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IL probate lawyerThere are many cases where a person may wish to help provide for the needs of loved ones who have special needs. Since people with physical disabilities, mental impairments, or other conditions may be unable to work and earn an income, they may struggle to provide for themselves. To ensure that a person’s ongoing needs will be met, family members may wish to step in and provide financial assistance. However, they may not realize that giving money to a person, buying items for them to use, or otherwise providing them with financial support may disqualify them from receiving government aid. To preserve a person’s right to receive public benefits, family members may create a special needs trust. Setting up this type of trust can be an important part of the estate planning process.

Why Should I Use a Special Needs Trust?

People who suffer from disabilities that affect their ability to maintain gainful employment may qualify for multiple types of benefits. However, to receive these types of benefits, they will usually need to show that they have limited financial resources. For example, to qualify for Supplemental Security Income (SSI) through Social Security, a person’s financial resources must be under $2,000. Because of this, a family member who gifts a significant amount of money or property to a person with special needs may cause the person to be ineligible for SSI or other benefits.

To prevent the possibility of jeopardizing a person’s public benefits, a family member can create a special needs trust and name the disabled person as the beneficiary. In these cases, the assets a person wishes to use to help their loved one will be owned by the trust rather than the person with a disability. Distributions from the trust may be provided to the beneficiary to help them meet their ongoing needs while also ensuring that they will be able to receive ongoing government benefits.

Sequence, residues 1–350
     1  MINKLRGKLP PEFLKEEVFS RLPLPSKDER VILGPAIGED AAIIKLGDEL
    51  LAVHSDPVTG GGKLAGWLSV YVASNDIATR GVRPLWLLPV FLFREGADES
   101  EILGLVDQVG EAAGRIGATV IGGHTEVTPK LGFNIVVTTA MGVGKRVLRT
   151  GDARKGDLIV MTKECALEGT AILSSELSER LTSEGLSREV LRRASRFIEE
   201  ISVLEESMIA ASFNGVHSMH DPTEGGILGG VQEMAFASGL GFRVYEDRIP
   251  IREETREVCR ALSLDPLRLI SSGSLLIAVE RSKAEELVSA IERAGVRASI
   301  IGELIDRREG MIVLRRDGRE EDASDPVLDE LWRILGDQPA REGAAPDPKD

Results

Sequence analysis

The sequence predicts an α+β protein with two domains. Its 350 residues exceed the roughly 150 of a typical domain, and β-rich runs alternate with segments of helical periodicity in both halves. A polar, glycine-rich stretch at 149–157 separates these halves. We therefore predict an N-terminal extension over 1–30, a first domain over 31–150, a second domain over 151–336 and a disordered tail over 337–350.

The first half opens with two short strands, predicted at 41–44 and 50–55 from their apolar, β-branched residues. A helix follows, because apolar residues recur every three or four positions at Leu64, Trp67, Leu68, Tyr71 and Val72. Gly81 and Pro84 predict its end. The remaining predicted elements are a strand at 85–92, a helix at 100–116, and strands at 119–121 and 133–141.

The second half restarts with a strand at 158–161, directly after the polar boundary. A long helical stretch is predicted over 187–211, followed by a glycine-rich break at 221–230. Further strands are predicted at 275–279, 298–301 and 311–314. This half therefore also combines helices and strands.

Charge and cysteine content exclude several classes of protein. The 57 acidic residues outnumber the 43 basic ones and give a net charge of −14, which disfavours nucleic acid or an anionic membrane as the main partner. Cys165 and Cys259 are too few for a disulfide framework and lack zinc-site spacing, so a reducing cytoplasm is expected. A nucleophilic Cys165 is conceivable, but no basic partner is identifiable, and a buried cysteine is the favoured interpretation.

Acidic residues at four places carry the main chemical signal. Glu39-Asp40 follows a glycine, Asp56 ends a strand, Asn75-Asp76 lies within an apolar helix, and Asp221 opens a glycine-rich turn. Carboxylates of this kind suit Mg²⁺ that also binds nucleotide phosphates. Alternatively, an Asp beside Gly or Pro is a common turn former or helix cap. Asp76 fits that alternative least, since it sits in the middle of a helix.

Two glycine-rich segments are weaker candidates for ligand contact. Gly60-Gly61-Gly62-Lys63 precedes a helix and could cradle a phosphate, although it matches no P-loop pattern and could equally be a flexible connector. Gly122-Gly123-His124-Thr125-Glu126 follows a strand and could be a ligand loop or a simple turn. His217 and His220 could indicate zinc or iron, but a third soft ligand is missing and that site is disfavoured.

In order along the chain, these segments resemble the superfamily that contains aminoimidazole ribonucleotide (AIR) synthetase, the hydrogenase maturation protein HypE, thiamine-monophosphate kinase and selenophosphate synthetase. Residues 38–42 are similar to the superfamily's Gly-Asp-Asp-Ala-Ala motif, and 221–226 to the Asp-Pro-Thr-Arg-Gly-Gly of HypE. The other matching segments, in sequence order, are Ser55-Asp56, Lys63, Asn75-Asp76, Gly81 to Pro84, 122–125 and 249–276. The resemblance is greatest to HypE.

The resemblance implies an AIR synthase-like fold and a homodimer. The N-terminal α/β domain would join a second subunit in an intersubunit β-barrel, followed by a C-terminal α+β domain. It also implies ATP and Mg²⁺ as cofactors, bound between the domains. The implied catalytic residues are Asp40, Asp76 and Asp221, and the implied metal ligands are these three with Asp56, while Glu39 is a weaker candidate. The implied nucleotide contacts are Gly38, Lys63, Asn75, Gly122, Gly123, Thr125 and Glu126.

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IL real estate lawyerThere are many different legal and financial issues that may play a role in a residential real estate transaction. Before a home can be sold, any encumbrances against the property must be cleared. In many cases, these encumbrances take the form of liens or debts that the current property owner owes to another party. Mechanic’s liens are one type of encumbrance that many people may not be aware of, and by understanding these types of liens, property owners can be sure they are prepared to address them properly and avoid any issues that may affect their ability to sell their home.